### Re: Ideal Gas Internal Energy

I believe he said we don't have to worry about deriving it! He didn't explain how he got 3/2 nRT.
Sun Feb 03, 2019 2:14 pm
Forum: Phase Changes & Related Calculations
Topic: Steam resulting in burns?
Replies: 6
Views: 283

### Re: Steam resulting in burns?

Steam burns causes more severe burns than water burns. This is because heat is required during melting or boiling (phase transition), and therefore the temperature of the sample REMAINS CONSTANT even though heat is being supplied. When you get burned by water, since it is not in a phase transition, ...
Sun Feb 03, 2019 2:05 pm
Forum: Reaction Enthalpies (e.g., Using Hess’s Law, Bond Enthalpies, Standard Enthalpies of Formation)
Topic: Midterm Exam Content
Replies: 4
Views: 176

### Re: Midterm Exam Content

On the website it says under announcements that "Midterm covers: Chemical Equilibrium, Acid and Base Equilibria, Thermochemistry, Thermodynamics to the end of entropy."
Wed Jan 30, 2019 12:35 am
Forum: Phase Changes & Related Calculations
Topic: 101.325 J/(L . atm)
Replies: 2
Views: 70

### Re: 101.325 J/(L . atm)

It comes from the gas constants (this is provided on the list of constants). Gas constant, R = 8.314 (J)/(K*mol) = 8.206 x 10^-2 (L*atm)/(K*mol) Since the values equal each other, 8.314 (J)/(K*mol) / 8.206 x 10^-2 (L*atm)/(K*mol) equals to 1. Cancel out the units and you get 101.316 (J)/(L*atm), whi...
Mon Jan 28, 2019 9:18 pm
Forum: Ideal Gases
Topic: Q and K
Replies: 13
Views: 554

### Re: Q and K

Q is called the "reaction quotient," and can be calculated anytime during the reaction. K is called the "equilibrium constant", and can be calculated only when the reaction has reached equilibrium. For a specific reaction (at a constant temperature and pressure), you can get diff...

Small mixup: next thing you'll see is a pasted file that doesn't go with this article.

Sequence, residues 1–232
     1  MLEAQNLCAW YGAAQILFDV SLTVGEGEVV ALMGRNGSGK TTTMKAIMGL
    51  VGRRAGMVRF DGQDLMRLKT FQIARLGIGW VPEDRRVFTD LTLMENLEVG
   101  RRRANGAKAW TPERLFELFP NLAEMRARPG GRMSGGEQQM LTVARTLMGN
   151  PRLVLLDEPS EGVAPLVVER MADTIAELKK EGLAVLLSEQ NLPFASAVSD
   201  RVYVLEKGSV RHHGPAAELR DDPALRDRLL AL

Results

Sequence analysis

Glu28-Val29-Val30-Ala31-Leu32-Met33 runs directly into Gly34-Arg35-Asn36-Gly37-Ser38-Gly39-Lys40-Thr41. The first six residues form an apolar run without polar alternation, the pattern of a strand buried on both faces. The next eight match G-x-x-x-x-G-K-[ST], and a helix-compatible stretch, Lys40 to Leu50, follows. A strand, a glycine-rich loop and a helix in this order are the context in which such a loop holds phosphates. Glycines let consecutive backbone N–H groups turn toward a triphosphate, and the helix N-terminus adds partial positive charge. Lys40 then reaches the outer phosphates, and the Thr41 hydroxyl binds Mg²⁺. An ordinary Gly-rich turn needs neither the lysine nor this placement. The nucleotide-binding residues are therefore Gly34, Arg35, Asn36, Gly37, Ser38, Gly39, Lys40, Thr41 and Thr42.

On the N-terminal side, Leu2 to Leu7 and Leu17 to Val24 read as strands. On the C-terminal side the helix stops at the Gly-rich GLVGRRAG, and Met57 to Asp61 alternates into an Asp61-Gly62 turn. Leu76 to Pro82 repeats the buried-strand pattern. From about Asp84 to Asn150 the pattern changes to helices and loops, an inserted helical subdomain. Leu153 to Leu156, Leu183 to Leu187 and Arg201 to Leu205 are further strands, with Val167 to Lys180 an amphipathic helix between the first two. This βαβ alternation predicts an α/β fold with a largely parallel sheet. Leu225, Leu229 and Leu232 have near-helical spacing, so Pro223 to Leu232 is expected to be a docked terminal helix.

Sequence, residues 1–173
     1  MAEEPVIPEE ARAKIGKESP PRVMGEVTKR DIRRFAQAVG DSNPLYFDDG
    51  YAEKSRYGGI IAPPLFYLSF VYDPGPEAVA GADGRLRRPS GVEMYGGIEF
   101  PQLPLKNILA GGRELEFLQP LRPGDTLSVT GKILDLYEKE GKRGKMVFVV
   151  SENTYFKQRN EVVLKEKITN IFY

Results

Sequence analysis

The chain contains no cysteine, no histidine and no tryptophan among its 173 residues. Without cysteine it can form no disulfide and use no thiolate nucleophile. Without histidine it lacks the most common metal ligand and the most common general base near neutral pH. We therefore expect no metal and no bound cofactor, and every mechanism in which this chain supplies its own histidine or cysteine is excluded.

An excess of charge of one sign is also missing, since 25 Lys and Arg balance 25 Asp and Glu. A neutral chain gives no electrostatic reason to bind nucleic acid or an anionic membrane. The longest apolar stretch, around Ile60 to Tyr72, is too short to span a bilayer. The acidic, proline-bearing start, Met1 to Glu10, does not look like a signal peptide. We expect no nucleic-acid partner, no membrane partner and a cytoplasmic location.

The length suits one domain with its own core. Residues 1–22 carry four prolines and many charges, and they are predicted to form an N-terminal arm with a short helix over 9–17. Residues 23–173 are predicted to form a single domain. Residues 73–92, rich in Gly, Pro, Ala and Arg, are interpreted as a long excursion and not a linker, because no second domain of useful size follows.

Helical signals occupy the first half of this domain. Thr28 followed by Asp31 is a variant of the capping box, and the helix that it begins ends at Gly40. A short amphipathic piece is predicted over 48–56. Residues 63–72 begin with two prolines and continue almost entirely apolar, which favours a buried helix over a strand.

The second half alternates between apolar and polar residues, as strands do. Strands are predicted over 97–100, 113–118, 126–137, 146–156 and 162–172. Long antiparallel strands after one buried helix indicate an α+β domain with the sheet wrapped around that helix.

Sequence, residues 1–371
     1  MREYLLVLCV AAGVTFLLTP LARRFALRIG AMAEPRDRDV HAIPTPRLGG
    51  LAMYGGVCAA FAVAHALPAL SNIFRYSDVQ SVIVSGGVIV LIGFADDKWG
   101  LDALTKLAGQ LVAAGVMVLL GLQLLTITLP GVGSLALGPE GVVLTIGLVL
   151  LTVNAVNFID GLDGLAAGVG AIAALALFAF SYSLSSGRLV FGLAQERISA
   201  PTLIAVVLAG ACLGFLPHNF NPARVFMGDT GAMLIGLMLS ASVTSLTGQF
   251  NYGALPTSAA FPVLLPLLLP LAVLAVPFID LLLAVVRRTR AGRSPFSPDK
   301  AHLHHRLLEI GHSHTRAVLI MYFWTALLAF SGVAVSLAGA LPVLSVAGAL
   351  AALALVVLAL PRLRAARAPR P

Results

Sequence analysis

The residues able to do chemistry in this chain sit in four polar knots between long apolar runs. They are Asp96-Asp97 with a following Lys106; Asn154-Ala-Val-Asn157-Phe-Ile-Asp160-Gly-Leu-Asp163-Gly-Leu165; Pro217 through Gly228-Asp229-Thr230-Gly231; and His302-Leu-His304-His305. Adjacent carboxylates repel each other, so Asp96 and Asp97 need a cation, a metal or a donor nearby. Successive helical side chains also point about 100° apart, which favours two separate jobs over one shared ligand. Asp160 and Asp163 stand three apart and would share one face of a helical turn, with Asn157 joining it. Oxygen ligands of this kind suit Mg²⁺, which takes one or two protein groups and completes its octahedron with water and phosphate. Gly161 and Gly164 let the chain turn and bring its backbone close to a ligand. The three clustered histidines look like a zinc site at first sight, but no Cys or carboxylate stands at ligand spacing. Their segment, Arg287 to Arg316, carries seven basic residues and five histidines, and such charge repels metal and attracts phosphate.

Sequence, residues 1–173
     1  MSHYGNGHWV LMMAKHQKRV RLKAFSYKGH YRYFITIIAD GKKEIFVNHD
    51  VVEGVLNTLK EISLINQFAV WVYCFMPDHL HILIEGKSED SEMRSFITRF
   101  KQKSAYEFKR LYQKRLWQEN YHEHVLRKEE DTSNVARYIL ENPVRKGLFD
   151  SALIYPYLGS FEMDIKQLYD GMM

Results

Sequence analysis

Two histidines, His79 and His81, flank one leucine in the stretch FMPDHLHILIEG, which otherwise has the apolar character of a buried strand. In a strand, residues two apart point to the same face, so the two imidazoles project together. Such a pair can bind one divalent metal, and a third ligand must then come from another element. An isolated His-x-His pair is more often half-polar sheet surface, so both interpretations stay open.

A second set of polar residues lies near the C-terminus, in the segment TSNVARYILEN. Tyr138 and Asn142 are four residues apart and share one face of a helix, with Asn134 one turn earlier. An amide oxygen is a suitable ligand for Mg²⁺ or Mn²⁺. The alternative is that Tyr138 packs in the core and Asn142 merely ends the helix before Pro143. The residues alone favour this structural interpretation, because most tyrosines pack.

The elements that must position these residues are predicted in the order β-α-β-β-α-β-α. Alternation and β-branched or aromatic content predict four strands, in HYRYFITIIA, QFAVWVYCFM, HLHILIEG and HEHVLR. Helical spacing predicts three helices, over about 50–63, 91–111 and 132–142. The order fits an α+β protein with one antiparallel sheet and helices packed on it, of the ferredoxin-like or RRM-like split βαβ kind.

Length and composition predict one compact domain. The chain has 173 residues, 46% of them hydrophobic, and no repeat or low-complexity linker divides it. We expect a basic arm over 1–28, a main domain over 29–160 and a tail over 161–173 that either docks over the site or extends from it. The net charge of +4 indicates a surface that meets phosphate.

Mon Jan 28, 2019 9:11 pm
Forum: Heat Capacities, Calorimeters & Calorimetry Calculations
Topic: Calorimetry
Replies: 5
Views: 245

### Re: Calorimetry

To add on, Constant P. Calorimetry (I guess this is the "normal" kind) gives you the enthalpy values. Both types are used to measure specific heat capacity.
Mon Jan 28, 2019 9:08 pm
Forum: Concepts & Calculations Using First Law of Thermodynamics
Topic: qp
Replies: 3
Views: 129

### Re: qp

I believe qp is equivalent to deltaH (change in enthalpy), and it represents the heat at constant pressure. qp=n*Cp*T where n is in moles, Cp is the molar heat capacity, and T is the change in temperature. I think he's going to talk continue to talk about this in Wednesday's lecture, but if anyone c...
Thu Jan 24, 2019 11:32 pm
Forum: Equilibrium Constants & Calculating Concentrations
Topic: PV= RnT
Replies: 2
Views: 199

### Re: PV= RnT

This will allow you to convert the partial pressure of gas to molar concentration.
PV=nRT
P=(nRT)/V
P= (n/V)*RT
P= Concentration *(RT) and Concentration= P/(RT)
R and T are normally constant for these problems.
Tue Jan 22, 2019 10:21 pm
Forum: Applying Le Chatelier's Principle to Changes in Chemical & Physical Conditions
Topic: What Happens to a Reaction if Inert Gas is Added?
Replies: 7
Views: 630

### Re: What Happens to a Reaction if Inert Gas is Added?

Increasing the pressure by introducing an inert gas has no effect on the equilibrium composition. However, compression of a reaction mixture at equilibrium tends to drive the reaction in the direction that reduces the number of gas-phase molecules.
Mon Jan 21, 2019 7:07 pm
Forum: Bronsted Acids & Bases
Topic: Sig Figs
Replies: 4
Views: 308

### Re: Sig Figs

My TA said he will be lenient on the first test in regards to significant figures, but it probably depends on how your TA grades. Lavelle posted two links under "Math Assistance" on his website about significant figures that you can review. https://lavelle.chem.ucla.edu/wp-content/supporti...
Mon Jan 21, 2019 7:03 pm
Forum: Non-Equilibrium Conditions & The Reaction Quotient